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Rugby World Cup 2021: New Zealand to host women’s tournament postponed to October and November 2022 |  Rugby news


The 2021 Rugby World Cup will now take place in 2022 in New Zealand; the competition has been extended to give more rest between games for the well-being of the players; Eden Park goes down in history as the first venue to host the finals of the Men’s and Women’s Rugby World Cup.

Last updated: 11/05/21 23:08 pm

New Zealand’s Fiao’o Faamausili lifts trophy after 2017 Women’s World Cup final

New dates for the postponed Rugby World Cup 2021 have been announced, with the women’s tournament now taking place in New Zealand from October 8 to November 12, 2022.

The tournament was originally scheduled for September and October this year, but was postponed to March, with World Rugby citing “the uncertain and difficult global landscape of COVID-19”.

The rescheduled edition has seen its tournament window extended by World Rugby from 35 to 43 days to ensure five-day rest periods between matches, bringing it closer to the Men’s World Cup.

The format has also been revamped slightly with all matches played on weekends, with three-header matches and no overlap between matches. The original fixture list saw six games per game day.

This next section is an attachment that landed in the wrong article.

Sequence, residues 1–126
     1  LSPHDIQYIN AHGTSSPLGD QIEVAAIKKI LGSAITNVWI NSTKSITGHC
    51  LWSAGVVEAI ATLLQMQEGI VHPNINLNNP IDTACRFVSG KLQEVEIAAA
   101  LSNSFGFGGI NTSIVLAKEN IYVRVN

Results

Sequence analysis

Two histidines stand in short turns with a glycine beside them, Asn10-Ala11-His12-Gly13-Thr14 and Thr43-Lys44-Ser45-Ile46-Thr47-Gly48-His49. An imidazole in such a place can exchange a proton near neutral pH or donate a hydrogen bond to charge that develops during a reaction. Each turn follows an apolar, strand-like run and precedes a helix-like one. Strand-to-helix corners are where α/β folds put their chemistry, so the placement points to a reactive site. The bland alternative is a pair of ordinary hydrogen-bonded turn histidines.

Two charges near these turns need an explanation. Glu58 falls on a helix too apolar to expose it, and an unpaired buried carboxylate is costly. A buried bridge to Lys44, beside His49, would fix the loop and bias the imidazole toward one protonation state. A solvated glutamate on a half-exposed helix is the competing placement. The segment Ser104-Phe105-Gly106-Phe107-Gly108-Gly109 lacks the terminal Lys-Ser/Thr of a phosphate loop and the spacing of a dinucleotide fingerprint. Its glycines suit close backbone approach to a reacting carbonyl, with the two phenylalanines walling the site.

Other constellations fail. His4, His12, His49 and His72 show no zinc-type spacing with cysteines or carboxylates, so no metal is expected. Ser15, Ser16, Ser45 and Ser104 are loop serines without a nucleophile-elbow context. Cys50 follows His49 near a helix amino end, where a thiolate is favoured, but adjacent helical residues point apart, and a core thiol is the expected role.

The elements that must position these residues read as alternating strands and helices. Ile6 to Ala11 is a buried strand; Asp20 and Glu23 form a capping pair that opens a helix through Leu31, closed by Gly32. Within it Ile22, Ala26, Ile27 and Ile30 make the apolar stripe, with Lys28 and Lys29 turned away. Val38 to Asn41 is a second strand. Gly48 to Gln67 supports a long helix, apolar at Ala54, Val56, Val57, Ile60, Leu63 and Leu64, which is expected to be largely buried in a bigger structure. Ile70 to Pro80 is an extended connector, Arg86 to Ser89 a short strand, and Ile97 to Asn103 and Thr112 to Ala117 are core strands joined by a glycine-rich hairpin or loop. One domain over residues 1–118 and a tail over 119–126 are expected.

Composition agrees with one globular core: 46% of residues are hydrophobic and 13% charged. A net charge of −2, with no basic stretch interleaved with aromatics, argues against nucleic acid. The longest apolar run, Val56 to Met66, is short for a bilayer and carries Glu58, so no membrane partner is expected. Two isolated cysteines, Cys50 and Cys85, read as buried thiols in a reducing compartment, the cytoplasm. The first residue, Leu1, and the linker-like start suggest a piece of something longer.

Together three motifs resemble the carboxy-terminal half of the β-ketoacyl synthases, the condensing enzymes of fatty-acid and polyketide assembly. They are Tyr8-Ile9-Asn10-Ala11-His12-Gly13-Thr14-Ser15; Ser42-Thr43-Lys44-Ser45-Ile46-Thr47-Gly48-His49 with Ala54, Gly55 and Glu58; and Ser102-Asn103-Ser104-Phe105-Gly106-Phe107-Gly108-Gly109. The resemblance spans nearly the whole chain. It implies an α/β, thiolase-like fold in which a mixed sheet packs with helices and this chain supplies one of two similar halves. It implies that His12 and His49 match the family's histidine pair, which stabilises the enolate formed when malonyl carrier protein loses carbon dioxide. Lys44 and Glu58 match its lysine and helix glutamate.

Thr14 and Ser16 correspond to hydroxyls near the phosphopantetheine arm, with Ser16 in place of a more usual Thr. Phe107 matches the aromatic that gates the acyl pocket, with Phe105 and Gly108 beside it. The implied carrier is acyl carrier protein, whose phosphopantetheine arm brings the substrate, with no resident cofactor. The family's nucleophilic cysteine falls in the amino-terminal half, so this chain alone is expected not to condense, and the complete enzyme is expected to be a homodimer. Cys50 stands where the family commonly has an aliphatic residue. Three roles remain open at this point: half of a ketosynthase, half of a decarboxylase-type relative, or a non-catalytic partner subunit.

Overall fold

Rugby World Cup 2021: New Zealand to host women’s tournament postponed to October and November 2022 |  Rugby news

Eden Park will go down in history as the first venue to host the Men’s and Women’s Rugby World Cup finals.

The final and the bronze final will be played on Saturday, November 12, when Eden Park will make history by becoming the first stadium to host the men’s and women’s finals.

The billiards phase will be played on the weekends of October 8-9, 15-16 and 22-23, 2022 at Eden Park, the Northlands Events Center in Whangarei and the Waitakere Stadium.

The quarter-finals will take place on October 29 and 30, followed by the semi-finals on Saturday November 5.

Rugby World Cup 2021: New Zealand to host women’s tournament postponed to October and November 2022 |  Rugby news

England’s Sarah Hunter in the 2017 final. The tournament in 2022 will have longer breaks between matches for the benefit of the players.

World Rugby President Sir Bill Beaumont said: “We are fully committed to accelerating the women’s game at all levels and although the postponement was disappointing for everyone, it provided a unique opportunity to revisit every aspect. of the event to make sure it is the best it can be for players, fans around the world and the wonderful and enthusiastic New Zealanders.

“Longer rest periods between matches for all teams are a further commitment to providing comprehensive standards of player well-being at RWC 2021.

“I would like to thank all stakeholders for their support and open-minded approach to this process and we can now look forward to a truly spectacular 2021 Rugby World Cup, which will be played in 2022.”

Tournament Director Michelle Hooper said: “The momentum for women’s sport continues to grow and we look forward to showing it to the world through the unstoppable energy that will be on display at the Rugby World Cup in 2022. “

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